And then there were the people. Good people. They donate their time, money, and most importantly, their energy to help the Balinese. And as far as I can tell, there’s a Rotarian age minimum. Most folks were above fifty, probably retired. Their kindheartedness cannot be overstated. I was only a tourist. These people were much more. They were also a little off, albeit in a cute, quirky way.
There’s the gentleman who kept confusing me for Cyrus, making offhand, ambiguously snide comments about Iran in my direction outside the context of any actual conversation. He continued doing so even after Cyrus’ presentation. I corrected him eventually, but only after he addressed me directly as Cyrus. Why not sooner? I really, really thought he’d get there on his own. Nuh-uh. After I identified me as myself and pointed to Cyrus, he informed me, quite curiously, he’d removed his glasses. I say “curiously” because he’d been wearing them during earlier misidentifications.
And then there was his wife. She was disappointed to hear Cyrus wouldn’t be speaking about his eulogy expertise, only his trip to Iran. She had three friends about to pass out of “the living realm” and felt a “shiver down her spine” when she learned he was the keynote speaker. Later, I kidded him about pissing on her parade. I should mention he did, magnanimously one might say, offer to give her any advice she requested and a free copy of one of his books.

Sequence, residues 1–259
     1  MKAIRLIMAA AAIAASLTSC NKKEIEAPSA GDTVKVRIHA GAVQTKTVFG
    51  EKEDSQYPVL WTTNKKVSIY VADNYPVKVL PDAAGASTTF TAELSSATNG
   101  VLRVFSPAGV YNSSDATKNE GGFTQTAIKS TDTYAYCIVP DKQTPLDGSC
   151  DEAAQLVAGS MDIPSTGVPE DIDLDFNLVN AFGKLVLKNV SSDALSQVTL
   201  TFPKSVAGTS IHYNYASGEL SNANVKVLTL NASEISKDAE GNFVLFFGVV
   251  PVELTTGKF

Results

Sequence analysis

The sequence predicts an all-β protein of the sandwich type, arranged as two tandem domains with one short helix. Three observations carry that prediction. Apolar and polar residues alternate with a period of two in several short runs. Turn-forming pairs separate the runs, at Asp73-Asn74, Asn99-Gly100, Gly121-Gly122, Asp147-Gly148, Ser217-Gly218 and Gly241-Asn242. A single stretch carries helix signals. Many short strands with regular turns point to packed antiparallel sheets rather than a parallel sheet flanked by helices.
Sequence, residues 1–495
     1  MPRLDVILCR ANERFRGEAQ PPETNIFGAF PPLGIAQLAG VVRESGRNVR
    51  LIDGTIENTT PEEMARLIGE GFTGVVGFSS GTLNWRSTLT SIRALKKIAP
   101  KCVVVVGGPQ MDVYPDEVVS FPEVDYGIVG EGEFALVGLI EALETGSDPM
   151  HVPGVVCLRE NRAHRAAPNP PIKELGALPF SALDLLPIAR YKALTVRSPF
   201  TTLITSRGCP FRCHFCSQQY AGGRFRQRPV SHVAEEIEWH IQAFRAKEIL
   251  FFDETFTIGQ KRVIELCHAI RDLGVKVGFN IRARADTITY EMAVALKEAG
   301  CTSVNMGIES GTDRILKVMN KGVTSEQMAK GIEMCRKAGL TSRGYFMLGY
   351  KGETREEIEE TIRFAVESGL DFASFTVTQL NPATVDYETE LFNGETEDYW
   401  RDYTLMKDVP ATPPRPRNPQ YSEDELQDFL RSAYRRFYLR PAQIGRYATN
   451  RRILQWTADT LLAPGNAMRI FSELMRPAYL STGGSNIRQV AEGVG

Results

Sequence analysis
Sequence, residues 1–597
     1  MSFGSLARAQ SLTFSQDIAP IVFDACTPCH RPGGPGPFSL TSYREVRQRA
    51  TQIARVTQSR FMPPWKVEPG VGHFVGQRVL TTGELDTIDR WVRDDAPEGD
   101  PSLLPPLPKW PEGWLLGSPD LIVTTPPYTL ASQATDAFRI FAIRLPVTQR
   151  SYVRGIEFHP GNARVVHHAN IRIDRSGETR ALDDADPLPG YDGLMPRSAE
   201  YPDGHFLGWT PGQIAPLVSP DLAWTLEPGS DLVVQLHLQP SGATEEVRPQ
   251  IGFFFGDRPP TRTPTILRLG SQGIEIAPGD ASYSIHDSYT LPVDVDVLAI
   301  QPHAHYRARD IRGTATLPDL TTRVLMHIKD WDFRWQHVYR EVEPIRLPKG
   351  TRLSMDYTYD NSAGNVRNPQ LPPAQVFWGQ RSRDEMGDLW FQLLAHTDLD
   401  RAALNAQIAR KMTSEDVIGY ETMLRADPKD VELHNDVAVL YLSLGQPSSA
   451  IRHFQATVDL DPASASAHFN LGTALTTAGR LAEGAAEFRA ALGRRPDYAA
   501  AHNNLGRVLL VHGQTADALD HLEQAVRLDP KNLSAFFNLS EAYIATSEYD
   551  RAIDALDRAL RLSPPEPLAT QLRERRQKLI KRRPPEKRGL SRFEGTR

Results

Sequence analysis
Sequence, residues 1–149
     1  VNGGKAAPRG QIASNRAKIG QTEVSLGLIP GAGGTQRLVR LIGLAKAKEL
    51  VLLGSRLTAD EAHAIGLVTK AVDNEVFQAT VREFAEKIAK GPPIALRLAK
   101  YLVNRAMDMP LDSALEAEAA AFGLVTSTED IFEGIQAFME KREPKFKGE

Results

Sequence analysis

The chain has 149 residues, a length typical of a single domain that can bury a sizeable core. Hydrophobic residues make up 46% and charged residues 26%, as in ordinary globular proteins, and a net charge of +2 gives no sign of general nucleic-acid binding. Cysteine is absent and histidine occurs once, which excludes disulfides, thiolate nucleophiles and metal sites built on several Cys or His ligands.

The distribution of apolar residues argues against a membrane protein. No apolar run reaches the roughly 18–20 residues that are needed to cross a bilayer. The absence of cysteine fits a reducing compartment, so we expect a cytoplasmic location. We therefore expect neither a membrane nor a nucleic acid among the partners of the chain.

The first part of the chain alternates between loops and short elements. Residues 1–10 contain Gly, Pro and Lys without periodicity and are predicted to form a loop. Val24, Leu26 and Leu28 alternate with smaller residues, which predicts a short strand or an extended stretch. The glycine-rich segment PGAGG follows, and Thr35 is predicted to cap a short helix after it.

Later on she rose, microphone in hand, to inform members about upcoming events. I tuned out but was abruptly brought to attention when she announced free pap smears would be offered to locals at an impending dance benefit. Oh, the expression upon my face. She made this statement with such a perfect combination of nonchalance and conviction, I had no reason to doubt its veracity. And the way that night unfolded? Free pap smears? Why not? Judging from the crowd’s non-reaction, I wasn’t alone. When I discovered she was kidding, I nearly soiled myself.
Envision a modest social gathering, in a restaurant perhaps, where everyone attending has varying levels of Attention Deficit Disorder. People kinda spoke to each other, or at least in specific directions, but it felt like no message hit its intended target, like they were looking at one person but speaking to the person behind that person. It was odd. I dared not look Cyrus in the eye for fear of uncontrollable giggle shit fits.